Functional Drainage: Drainage Information

Water was ran through all drains in the home for an extended period of time to determine if functional drainage was occurring. No hindered drainage was present at the time of inspection unless otherwise noted in this report. Lived-in conditions can not be adequately replicated during an inspection and I have no control of future drainage conditions due to heavy or frequent use.

In accordance with the InterNACHI Standards of Practice the home inspector shall observe at visible portions: Interior water supply and distribution system, including: piping materials and supports; fixtures and faucets; functional flow; leaks; and cross connections. Interior drain, waste, and vent system, including: traps; drain and waste lines; leaks; and functional drainage. The home inspector shall describe: Water supply and distribution piping materials; Drain, waste, and vent piping materials; and location of the main water supply shutoff device unless hidden or inaccessible. The home inspector shall operate all plumbing fixtures, including their faucets and all exterior faucets attached to the house, except where the flow end of the faucet is connected to an appliance.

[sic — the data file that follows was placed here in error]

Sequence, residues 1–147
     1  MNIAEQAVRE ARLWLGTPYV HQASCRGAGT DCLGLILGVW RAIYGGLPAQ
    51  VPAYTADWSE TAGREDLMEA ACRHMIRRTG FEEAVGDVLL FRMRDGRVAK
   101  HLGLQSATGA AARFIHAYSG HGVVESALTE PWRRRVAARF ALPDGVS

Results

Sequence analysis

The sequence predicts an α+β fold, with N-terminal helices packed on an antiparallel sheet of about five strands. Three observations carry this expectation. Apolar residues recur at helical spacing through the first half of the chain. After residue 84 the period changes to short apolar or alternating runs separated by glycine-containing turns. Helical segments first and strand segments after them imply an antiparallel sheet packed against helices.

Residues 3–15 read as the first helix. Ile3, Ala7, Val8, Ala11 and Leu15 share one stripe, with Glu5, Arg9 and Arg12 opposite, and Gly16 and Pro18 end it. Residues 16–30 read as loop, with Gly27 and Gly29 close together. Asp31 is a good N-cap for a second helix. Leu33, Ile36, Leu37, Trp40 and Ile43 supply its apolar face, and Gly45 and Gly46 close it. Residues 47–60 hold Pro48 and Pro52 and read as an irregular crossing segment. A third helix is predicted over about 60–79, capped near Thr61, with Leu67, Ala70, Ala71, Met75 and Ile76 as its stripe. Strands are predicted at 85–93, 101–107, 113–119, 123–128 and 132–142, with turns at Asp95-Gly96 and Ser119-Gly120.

The home inspector is not required to: State the effectiveness of anti-siphon devices; Determine whether water supply and waste disposal systems are public or private; Operate automatic safety controls; Operate any valve except water closet flush valves, fixture faucets, and hose faucets; Observe: Water conditioning systems; Fire and lawn sprinkler systems; On-site water supply quantity and quality; On-site waste disposal systems; Foundation irrigation systems; Spas, except as to functional flow and functional drainage; Swimming pools; Solar water heating equipment; or Observe the system for proper sizing, design, or use of proper materials.